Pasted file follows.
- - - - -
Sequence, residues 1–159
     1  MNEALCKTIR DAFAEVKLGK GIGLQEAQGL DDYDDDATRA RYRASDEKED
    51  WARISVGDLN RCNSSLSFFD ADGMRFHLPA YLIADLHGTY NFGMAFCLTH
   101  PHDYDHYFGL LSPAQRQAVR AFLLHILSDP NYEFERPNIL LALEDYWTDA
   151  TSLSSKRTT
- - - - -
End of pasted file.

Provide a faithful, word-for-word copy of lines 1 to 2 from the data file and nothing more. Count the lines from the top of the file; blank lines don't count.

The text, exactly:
Sequence, residues 1–159
     1  MNEALCKTIR DAFAEVKLGK GIGLQEAQGL DDYDDDATRA RYRASDEKED